4 Tips for Writing an Inclusive Job Posting
In the world of job hunting, a job posting may be someone’s first interaction with your company. Job hunting is a very vulnerable time for some jobseekers, so you want to make sure your job posting isn’t making candidates feel discouraged or excluded. Creating an inclusive job posting is a fantastic (and easy) way to begin eliminating biases from the job search process and give all candidates a fair chance at the opportunity of their dream.
Here are 4 tips for writing an inclusive job posting:
1. Eliminate any gender-specific pronouns or gender-coded terms.
A productive place to start when writing an inclusive job posting is to eliminate any gendered language. This starts with replacing gendered pronouns such as “he” or “she” with “you” or “they.” Using pronouns like “she” or “he” assumes that the candidate identifies with male/female gender binary terms when this may not be the case at all. This could feel very discouraging in seeing your company isn’t cognizant of those who may be non-binary. Take this as an opportunity to show that your organization has normalized the use of gender-neutral terms to make everyone feel as included as possible.
Similarly, make sure to eliminate gender-coded terms. Some terms you have seen being used in job postings that feel quirky or unique may actually be inherently biased without you even realizing it! Gender-coded terms are those that have more masculine or feminine meanings generally associated with them and, when used, they tend to perpetuate gender stereotypes. Some examples of gender-coded terms are ninja, rock star, competitive, patient, guru, or nurturing. In another sense, using these trendier buzzwords can sometimes be difficult for the candidate to interpret since they don’t usually have a universal meaning. To clear up any misunderstandings and to eliminate any gender nuances it’s best to steer clear of any of the trendy buzzwords. You want to make the job posting as accessible and inclusive language-wise as possible!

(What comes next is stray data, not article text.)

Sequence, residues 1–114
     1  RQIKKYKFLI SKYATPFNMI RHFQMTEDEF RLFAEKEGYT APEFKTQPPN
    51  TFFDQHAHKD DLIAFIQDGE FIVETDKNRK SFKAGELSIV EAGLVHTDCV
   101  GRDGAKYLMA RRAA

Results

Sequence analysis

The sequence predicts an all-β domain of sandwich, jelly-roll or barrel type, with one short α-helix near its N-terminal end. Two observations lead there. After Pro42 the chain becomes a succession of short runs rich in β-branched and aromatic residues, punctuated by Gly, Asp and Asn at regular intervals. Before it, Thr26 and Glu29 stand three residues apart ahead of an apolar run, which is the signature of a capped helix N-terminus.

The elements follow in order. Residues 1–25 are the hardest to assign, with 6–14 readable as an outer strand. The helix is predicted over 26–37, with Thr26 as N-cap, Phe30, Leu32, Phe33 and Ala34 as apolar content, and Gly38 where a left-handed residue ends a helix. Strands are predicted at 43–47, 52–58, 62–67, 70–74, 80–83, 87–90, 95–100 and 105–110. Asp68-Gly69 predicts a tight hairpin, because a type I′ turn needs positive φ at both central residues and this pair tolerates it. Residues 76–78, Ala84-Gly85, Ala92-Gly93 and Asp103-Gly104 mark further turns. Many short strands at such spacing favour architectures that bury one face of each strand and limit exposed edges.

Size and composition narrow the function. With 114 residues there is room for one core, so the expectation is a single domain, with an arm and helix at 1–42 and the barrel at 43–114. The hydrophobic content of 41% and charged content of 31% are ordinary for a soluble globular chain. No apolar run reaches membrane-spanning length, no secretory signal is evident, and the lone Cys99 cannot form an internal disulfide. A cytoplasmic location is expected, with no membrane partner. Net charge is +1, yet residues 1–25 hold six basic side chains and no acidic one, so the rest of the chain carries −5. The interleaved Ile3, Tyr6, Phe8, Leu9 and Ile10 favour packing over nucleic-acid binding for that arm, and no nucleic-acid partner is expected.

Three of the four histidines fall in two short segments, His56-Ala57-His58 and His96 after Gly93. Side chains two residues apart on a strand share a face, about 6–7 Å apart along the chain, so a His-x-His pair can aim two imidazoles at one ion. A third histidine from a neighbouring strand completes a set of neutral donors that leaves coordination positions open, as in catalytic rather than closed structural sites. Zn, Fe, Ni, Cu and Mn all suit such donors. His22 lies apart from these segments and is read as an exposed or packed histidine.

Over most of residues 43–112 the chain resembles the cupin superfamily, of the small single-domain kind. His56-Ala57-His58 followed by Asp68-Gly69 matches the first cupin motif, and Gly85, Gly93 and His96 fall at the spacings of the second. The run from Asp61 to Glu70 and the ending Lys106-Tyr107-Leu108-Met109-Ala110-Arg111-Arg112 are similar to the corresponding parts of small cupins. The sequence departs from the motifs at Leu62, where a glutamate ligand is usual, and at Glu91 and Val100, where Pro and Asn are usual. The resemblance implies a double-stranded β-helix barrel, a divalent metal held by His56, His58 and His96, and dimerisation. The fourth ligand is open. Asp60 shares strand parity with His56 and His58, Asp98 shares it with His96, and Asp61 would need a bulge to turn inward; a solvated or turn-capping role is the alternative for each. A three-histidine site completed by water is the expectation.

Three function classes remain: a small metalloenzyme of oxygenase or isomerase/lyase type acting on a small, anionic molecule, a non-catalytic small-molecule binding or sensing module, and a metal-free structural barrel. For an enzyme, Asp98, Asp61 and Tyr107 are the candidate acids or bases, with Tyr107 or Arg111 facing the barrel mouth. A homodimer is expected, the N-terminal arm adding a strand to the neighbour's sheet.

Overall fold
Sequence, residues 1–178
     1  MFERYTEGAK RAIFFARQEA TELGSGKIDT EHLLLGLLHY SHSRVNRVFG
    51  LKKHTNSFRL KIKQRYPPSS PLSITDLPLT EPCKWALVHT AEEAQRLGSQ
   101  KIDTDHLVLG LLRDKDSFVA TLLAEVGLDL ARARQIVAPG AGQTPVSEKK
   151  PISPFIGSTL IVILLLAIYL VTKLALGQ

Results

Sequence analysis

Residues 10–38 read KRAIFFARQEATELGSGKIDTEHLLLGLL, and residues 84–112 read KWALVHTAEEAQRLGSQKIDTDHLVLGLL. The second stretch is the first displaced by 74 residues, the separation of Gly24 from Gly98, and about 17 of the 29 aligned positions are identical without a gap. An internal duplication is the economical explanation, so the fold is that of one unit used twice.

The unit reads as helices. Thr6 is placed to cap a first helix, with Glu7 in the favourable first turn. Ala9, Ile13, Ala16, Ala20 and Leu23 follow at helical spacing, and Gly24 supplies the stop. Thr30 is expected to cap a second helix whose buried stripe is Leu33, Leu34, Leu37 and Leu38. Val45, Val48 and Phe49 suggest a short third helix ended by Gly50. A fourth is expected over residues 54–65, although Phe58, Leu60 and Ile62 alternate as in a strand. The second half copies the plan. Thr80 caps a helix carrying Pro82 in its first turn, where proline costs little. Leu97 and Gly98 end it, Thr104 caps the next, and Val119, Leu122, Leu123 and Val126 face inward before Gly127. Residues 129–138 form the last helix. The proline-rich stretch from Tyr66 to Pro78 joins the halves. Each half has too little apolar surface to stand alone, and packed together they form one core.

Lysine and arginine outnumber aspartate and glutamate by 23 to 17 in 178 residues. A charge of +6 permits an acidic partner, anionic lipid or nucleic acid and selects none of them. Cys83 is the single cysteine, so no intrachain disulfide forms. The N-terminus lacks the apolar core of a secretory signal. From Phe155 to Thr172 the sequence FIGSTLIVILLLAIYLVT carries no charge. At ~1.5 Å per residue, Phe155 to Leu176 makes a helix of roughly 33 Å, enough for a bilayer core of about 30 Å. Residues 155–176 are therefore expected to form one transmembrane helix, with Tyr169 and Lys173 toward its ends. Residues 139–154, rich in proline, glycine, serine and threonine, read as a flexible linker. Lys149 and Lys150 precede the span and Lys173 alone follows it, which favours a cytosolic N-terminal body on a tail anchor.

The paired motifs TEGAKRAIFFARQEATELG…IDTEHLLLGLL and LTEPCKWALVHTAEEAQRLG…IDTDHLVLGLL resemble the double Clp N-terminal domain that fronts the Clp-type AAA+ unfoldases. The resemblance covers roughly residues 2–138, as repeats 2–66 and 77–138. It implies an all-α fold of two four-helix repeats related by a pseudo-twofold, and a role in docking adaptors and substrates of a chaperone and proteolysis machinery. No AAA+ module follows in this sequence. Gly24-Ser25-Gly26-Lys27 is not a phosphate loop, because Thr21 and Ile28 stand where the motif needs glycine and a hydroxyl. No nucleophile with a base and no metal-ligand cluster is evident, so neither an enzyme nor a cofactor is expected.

2. Avoid lengthy job postings that stray from the core details pertaining to the role.
When it comes to writing a job posting, you’re going to want to stick to the fundamental, basic parts of the job. Attention spans nowadays are fairly short, so you’re going to want to get the point across effectively without too much noise or unnecessary fluff. The ideal job posting is around 250 words, equivalent to the length of a social media post and most people’s attention span. Save the extensive details for later, and focus on the core responsibilities, desired candidate characteristics, and key benefits associated with the job.
3. Be intentional with the job requirements you’re including.
Before beginning the writing of your job posting, make sure to sit down with the hiring manager and get to the core of what exactly makes a “qualified candidate.” Instead of writing up a laundry list of requirements for candidates to sort through, narrow it down to those that are 100% necessary to completing the day-to-day job functions. For example, many job postings list a minimum number of years of experience as a requirement, turning away candidates if their experience doesn’t add up to that. It’s important to remember that quantifying experience doesn’t work when trying to qualify people.